Vintage 'base ball' brings history of the national pastime alive

·5 min read

Sep. 2—Even before professional baseball officially started in 1869, New England and much of the northeast was "base ball" crazy.

Teams sprang up in towns and cities across northeast as the fledging sport took root and took off. Some clubs barnstormed, traveling to take on all-comers while others moved to organized, league play.

Vintage "base ball" — complete with 1860s rules, equipment and uniforms — is reborn almost every weekend in the summer at Spencer-Peirce-Little Farm in Newbury.

On any given game day, the Newburyport Clamdiggers could be battling the Lynn Live Oaks or the Rockinghams of Portsmouth taking on the always dangerous Lowell Nine in the Essex Base Ball Club's four-team league.

The Newbury farm has hosted Essex Base Ball Organization for the past 10 years or so, according to Brian Sheehy, president of the club, although the group formed in Danvers in 2002.

"I started when I was still in college and a young man. Now, I'm old," said Sheehy, who teaches and serves as the history department coordinator at North Andover High.

"We were traveling all over playing 19th century baseball, playing teams in Connecticut, Rhode Island and we helped spread vintage base ball all over New England. About 10 years ago, when all of us who were in our 20s started to get into our 30s and started to have families, the farm reached out to us," he said

Before that, the farm was a regular stop for a couple of games every year, he said. "It's a historic farm, there's corn in the outfield. ... it really has turned — in the 10 years plus — into a really great place to come and enjoy the game,"

"We used to ... travel 2 1/2 hours to play in front of a bunch of guys' wives. Now, we show up at the farm and even on a 100-degree day, we'll still have a couple of hundred people there, which is kind of cool."

Anchoring club play to the farm, he said, gave the organization a platform and fixed location.

Although this version of the game may have trappings of a slower, simpler time, in reality, it's a fast, action-packed sport with tons of strategy, Sheehy said. In fact, vintage baseball can often squeeze a double-header in just under three hours, he said.

"With our rules, we don't wear gloves, you can catch a ball on one bounce. The game is quick. You see some really great plays. It's fast-paced, it's fun."

Diving bare-handed catches are part of the draw, Sheehy said, but the historical value this vintage version of the national pastime shouldn't be underestimated.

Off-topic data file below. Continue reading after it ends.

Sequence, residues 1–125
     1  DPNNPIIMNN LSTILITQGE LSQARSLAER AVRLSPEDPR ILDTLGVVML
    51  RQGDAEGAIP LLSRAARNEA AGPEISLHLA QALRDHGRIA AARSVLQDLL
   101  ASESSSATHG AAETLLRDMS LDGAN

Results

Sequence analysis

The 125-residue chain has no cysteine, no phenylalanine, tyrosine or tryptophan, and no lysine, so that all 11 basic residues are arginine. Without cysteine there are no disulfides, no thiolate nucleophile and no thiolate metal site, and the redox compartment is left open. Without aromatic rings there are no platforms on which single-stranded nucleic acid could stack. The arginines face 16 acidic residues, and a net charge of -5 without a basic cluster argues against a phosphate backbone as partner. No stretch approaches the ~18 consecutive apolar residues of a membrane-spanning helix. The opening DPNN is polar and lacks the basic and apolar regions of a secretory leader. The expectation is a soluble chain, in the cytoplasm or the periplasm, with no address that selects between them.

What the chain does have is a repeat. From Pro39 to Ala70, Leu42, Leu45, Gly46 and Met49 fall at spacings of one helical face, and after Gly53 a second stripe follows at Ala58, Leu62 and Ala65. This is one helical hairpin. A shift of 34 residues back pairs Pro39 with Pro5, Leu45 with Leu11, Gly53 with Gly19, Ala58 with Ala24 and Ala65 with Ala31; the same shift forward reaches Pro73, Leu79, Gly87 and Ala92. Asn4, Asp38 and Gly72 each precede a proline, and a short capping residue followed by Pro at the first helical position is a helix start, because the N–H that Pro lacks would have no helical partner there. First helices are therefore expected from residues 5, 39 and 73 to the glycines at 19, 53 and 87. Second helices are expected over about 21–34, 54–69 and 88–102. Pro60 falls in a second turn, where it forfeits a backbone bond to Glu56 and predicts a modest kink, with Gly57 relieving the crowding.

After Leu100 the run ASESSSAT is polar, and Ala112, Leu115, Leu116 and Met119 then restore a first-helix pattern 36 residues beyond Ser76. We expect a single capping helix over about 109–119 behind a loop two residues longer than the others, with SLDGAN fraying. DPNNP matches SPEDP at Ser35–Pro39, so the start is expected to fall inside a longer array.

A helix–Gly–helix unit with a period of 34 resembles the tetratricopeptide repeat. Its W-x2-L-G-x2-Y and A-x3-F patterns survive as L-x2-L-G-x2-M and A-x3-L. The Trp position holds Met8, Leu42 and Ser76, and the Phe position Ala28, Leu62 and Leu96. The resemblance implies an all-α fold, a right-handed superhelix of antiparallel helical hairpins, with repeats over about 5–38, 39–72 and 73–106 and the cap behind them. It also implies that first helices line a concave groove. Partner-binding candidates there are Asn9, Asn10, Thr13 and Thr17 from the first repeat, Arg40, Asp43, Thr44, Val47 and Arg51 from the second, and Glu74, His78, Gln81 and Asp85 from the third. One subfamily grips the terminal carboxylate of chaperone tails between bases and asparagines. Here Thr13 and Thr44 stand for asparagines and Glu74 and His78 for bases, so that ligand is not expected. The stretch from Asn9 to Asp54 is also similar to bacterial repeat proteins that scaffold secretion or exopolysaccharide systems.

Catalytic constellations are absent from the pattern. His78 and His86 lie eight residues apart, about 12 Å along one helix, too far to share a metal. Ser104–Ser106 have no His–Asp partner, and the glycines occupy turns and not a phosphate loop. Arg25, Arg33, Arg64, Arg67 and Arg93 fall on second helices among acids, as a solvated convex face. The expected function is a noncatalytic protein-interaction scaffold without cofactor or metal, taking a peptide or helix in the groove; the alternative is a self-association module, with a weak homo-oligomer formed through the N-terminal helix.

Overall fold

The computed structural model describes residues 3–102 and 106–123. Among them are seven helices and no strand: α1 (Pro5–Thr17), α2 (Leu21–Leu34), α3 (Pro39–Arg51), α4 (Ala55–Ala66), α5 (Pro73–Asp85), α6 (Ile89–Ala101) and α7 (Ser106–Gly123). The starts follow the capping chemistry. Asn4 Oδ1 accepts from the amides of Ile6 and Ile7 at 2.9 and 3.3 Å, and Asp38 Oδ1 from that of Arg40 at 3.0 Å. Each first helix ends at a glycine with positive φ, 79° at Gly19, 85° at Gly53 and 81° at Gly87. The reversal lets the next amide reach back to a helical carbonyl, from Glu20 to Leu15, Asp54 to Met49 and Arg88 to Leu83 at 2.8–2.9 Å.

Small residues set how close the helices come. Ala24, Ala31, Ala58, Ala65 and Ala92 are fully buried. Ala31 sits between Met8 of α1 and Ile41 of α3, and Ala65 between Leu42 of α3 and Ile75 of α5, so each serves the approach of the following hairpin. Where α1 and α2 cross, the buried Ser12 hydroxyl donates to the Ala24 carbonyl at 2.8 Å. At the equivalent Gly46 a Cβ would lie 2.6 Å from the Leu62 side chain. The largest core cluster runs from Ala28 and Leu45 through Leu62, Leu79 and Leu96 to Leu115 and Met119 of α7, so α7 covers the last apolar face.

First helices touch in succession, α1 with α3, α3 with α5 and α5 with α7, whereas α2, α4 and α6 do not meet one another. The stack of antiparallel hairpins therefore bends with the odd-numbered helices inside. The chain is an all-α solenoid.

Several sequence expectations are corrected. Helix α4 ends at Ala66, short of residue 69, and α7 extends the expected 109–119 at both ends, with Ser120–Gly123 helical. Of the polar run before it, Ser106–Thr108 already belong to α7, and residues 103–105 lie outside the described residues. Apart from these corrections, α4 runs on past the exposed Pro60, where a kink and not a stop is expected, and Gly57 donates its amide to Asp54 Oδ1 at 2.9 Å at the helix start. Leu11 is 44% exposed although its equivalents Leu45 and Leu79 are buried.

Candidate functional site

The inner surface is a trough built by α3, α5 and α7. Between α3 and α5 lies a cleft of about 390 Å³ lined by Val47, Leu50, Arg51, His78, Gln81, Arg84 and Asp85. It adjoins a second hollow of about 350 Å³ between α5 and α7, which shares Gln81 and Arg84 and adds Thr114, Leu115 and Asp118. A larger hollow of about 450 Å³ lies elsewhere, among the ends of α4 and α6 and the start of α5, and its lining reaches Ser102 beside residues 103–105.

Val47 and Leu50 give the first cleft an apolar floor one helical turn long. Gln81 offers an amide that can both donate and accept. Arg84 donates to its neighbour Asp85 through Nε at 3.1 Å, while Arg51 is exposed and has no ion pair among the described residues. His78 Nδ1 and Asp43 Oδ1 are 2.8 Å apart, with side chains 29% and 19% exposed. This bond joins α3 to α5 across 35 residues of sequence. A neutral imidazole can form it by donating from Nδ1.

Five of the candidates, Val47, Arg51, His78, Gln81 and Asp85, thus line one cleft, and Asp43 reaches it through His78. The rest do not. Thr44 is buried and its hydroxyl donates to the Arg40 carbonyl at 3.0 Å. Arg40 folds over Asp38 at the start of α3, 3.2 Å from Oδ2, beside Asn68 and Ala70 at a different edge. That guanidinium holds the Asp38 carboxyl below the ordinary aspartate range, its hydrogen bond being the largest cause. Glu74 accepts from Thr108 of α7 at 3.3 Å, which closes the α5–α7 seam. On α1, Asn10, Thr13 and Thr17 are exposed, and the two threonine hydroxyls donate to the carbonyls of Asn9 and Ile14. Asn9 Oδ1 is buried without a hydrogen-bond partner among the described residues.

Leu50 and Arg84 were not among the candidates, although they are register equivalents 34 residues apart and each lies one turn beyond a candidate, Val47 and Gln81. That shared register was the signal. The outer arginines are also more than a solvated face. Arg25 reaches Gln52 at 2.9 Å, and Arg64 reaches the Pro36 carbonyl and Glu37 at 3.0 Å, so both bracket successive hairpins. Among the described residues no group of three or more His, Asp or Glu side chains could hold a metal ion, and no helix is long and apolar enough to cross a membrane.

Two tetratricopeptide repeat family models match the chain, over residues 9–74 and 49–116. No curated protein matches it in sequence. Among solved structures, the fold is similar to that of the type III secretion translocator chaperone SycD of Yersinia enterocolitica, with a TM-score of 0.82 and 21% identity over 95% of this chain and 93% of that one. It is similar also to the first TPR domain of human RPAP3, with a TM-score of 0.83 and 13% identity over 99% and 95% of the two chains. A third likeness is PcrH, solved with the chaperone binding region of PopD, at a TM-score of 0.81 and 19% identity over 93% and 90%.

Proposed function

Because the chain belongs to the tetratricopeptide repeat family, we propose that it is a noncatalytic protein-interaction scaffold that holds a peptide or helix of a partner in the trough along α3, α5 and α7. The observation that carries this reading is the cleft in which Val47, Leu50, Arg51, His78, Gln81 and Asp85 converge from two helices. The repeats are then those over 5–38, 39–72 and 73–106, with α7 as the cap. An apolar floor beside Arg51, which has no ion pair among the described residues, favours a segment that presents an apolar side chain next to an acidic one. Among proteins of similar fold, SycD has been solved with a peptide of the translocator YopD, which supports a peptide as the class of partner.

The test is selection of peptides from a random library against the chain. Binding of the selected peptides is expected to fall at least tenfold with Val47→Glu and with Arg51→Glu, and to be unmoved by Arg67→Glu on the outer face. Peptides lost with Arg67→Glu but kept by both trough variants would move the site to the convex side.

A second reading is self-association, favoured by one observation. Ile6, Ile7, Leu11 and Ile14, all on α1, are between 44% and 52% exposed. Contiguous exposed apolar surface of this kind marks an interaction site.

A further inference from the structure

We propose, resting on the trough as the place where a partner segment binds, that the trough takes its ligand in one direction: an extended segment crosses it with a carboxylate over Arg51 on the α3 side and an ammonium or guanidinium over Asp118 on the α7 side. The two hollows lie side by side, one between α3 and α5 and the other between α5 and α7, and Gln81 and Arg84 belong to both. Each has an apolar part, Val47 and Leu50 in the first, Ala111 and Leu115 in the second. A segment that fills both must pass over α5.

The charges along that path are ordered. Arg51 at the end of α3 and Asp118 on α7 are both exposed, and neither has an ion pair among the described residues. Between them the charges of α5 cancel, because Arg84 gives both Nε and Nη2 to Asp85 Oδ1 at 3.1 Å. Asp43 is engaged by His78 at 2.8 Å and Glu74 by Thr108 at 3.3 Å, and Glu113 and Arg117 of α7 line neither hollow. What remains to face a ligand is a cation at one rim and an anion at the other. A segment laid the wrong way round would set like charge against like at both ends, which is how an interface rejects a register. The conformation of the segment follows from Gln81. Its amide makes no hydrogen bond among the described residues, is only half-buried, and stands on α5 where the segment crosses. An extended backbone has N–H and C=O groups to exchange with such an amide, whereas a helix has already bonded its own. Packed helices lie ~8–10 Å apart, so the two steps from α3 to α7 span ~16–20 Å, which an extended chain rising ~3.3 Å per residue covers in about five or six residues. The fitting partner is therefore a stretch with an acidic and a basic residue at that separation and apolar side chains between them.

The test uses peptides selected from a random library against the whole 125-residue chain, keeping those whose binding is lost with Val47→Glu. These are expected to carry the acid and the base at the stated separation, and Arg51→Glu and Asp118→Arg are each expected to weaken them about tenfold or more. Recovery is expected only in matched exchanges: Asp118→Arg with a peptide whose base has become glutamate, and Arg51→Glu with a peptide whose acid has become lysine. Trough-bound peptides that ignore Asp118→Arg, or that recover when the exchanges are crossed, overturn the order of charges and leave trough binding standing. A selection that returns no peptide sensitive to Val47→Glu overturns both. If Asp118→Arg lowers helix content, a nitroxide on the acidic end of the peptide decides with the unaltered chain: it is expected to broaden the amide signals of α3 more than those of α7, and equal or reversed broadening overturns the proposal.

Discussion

"We do that balance — we're trying to be historically accurate, bring some history and history of the game to fans, but we're also playing a competitive game," he said. "With the historic piece, all of our teams are teams that played in the 19th century," he said. His team, the Lowell Nine, actually was based out of Boston in the 1860s.

Another of the club's teams, the Lynn Live Oaks, played in an International League in the 1870s and featured, at one time, Bud Fowler, first Black professional player and 2022 inductee into the Baseball Hall of Fame. He pitched a couple of games for the Live Oaks.

The farm setting, the club's field, provides a perfect locale for presenting the bygone sport, Sheehy said.

"It's kind of like this beautiful path. If you go into Spencer-Little Farm, there's this long driveway ... and if you follow the path as far as you can go, it leads to our fields. It's wide open, there's two sidelines you can sit along. You have families show up, you have people who bring picnics, they bring chairs, they bring blankets. People line up on each baseline."

With Ipswich Ale and an occasional hot dog vendor on hand, game day at the farm just off Route 1-A features some creature comforts today's fans might expect.

"It's kind of a throwback; it's a really cheap alternative to going to a game. If you try to go to a Red Sox game you're paying $1,000 for a family of five. Here you can go, it's $5 admission, get a beer and a hotdog and enjoy the game," he said.

The organization takes special pains to make sure the earlier version of the game is accessible to youngsters and those with an interest.

"At some of our larger events, we'll let kids play between games, we'll line 'em up, let them take a couple swings. Typically, throughout the game, somebody will walk through the crowd, pass out postcards, rules and answer any question people might have. We really try to make it as interactive and fan-friendly as we can," Sheehy said.

To educate the region's baseball fans, the league often set up vintage baseball displays at minor league baseball stadiums, he said. This summer, the group was on hand at the Red Sox's Triple-A affiliate in Worcester.

"It's really fun when kids come up to you and say 'This is cool — what is this glove? What is that glove?' You can talk about the history of the game, how it changed. Kind of spreading the history to the next generation," he said.



Spencer-Peirce- Little Farm

5 Littles Lane, Newbury

Donations/$5 per person

Remaining Games

Saturday, Sept. 10, 11 a.m. — Ipswich Ale Cup Triple header Lowell Nine vs Lynn Live Oaks and Newburyport Clamdiggers vs Rockinghams of Portsmouth

Sunday, Sept. 18, noon — Lowell Nine vs. Rockinghams of Portsmouth

Sunday, Sept. 25, noon — Lynn Live Oaks vs. Newburyport Clamdiggers

Sunday, Oct. 2, 11 a.m. — Jan's Pitch Championship